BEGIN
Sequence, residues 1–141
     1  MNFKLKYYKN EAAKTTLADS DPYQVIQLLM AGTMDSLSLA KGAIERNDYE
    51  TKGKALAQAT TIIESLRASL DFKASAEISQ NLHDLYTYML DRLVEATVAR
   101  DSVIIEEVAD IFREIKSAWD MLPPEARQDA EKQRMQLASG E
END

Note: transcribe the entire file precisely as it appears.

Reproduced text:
Sequence, residues 1–141
     1  MNFKLKYYKN EAAKTTLADS DPYQVIQLLM AGTMDSLSLA KGAIERNDYE
    51  TKGKALAQAT TIIESLRASL DFKASAEISQ NLHDLYTYML DRLVEATVAR
   101  DSVIIEEVAD IFREIKSAWD MLPPEARQDA EKQRMQLASG E